Just when you thought it was safe to go back in the water:
As we rode out the storm in Long Beach, Long Island, the wind didn’t scare us, the rain was less than predicted, and the swell didn’t make it to our door. But we saw on the beach the next morning was terrifying: masses of toxic-looking foam rolling across the shore, covering sea and sand—and, for the unlucky in low-lying areas, cars and basements. Does anyone know what’s in this? On second thought, since we still plan to go swimming here, maybe we don’t want to know!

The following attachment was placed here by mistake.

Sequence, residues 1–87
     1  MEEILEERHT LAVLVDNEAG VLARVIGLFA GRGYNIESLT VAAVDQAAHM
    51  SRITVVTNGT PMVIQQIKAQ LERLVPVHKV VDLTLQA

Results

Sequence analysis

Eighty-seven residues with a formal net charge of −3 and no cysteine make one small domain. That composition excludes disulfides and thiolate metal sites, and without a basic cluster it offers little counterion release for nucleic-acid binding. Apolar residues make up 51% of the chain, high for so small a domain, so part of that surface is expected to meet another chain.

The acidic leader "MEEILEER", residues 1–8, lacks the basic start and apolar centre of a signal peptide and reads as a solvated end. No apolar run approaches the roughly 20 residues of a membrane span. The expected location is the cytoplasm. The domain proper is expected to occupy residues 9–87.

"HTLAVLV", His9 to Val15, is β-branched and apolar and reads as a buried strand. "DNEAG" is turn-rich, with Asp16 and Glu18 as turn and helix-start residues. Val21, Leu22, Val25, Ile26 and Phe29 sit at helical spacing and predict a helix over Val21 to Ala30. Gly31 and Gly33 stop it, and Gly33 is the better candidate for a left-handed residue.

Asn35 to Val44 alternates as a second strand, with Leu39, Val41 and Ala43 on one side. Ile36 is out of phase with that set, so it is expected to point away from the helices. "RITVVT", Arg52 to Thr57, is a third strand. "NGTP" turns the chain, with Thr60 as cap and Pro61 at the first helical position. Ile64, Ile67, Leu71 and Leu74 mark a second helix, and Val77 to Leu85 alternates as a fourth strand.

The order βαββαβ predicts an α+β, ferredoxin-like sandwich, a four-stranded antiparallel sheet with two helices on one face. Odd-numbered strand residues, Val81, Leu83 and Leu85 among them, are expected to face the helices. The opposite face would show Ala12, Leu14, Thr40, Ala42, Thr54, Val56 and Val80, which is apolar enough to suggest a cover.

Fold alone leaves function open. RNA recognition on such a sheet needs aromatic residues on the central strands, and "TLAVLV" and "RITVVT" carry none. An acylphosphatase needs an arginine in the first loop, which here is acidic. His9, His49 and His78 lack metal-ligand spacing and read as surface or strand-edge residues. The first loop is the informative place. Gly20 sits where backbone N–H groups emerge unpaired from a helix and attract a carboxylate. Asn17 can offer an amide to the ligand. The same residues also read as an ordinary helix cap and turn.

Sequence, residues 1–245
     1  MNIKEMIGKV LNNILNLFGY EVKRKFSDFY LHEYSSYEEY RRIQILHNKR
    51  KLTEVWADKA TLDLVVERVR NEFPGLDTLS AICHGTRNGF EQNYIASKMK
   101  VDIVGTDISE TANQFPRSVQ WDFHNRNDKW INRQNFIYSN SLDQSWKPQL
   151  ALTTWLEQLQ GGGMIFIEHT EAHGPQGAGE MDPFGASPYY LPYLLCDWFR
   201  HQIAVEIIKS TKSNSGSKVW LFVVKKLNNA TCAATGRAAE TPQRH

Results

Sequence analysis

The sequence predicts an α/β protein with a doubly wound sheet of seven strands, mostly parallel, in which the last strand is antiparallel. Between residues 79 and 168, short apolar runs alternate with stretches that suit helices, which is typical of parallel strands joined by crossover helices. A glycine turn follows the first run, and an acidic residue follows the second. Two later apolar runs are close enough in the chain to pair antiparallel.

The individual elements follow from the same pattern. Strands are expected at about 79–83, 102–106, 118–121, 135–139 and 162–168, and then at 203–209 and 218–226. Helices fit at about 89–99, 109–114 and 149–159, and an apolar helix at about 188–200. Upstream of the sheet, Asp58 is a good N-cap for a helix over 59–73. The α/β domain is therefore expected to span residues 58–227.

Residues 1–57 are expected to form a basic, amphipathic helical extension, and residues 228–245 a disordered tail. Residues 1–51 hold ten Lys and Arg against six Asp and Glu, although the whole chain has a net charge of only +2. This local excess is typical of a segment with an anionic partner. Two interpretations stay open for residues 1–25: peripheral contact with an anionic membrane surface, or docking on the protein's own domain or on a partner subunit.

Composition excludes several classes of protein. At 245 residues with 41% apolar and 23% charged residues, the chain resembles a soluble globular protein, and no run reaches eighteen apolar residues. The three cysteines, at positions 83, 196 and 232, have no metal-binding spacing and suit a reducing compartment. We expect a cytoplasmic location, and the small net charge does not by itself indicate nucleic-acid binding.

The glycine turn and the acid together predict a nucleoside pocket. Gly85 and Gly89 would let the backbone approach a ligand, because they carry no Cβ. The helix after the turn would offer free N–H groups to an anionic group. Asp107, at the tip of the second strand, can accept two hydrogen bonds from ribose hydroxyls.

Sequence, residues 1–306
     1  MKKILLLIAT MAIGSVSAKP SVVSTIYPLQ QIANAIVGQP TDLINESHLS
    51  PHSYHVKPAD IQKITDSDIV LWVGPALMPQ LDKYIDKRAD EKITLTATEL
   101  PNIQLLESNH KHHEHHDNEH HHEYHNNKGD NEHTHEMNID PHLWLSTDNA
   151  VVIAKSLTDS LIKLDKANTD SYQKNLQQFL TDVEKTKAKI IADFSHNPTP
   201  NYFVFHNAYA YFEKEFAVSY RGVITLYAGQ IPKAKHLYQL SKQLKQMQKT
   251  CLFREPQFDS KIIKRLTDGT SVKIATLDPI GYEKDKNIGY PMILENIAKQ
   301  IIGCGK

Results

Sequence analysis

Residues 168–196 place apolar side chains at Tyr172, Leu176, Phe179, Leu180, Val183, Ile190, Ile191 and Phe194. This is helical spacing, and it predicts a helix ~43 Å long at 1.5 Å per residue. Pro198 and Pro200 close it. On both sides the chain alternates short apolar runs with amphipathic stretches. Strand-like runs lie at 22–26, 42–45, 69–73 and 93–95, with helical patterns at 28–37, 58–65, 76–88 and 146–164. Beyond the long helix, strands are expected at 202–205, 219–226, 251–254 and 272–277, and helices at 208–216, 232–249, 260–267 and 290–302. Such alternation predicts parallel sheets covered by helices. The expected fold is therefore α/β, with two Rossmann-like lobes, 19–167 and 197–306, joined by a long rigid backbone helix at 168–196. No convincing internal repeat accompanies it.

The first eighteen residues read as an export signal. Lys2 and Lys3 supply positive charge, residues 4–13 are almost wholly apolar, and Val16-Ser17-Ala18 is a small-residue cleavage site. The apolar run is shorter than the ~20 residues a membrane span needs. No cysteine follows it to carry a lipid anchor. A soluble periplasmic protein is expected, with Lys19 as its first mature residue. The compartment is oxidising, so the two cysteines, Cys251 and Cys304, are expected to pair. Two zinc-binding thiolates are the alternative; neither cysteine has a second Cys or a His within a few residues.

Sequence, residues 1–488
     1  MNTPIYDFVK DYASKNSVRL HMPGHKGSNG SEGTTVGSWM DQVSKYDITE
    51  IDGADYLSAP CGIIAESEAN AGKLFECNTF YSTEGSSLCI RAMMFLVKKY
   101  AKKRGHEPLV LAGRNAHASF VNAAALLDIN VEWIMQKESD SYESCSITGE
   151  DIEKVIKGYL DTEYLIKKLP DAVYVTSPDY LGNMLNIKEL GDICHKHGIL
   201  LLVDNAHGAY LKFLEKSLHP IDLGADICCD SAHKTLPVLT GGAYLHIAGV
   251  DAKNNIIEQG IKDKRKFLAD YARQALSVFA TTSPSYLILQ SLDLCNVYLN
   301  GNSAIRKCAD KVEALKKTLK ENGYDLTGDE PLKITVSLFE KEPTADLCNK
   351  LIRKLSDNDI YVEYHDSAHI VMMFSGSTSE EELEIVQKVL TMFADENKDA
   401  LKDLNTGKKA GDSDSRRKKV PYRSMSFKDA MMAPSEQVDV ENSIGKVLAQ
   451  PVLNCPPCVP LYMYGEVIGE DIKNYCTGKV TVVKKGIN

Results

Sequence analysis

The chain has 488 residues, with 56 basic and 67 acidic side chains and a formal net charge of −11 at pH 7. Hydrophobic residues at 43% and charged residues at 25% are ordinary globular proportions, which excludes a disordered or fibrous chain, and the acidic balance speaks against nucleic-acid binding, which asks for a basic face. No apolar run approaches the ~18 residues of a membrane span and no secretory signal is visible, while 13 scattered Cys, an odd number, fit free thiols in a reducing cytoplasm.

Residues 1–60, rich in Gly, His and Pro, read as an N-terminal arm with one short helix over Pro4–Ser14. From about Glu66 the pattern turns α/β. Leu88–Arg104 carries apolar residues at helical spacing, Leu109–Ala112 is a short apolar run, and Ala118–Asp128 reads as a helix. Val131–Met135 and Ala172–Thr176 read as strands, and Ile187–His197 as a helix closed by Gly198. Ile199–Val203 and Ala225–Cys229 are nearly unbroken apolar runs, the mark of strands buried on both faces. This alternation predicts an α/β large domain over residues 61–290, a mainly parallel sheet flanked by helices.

You’re right to not want to know. It probably includes raw sewage. Nearly every time New York City gets heavy rain, untreated sewage is released into the rivers and bays. Stormwater runoff drains into the city’s combined sewer systems – the same pipes and facilities that are also tasked with funneling raw sewage to the city’s treatment plants. In heavy rainstorms, the city’s aging sewer systems can no longer handle this increased capacity of water to treat, so it’s discharged into local waterways. There’s more info here.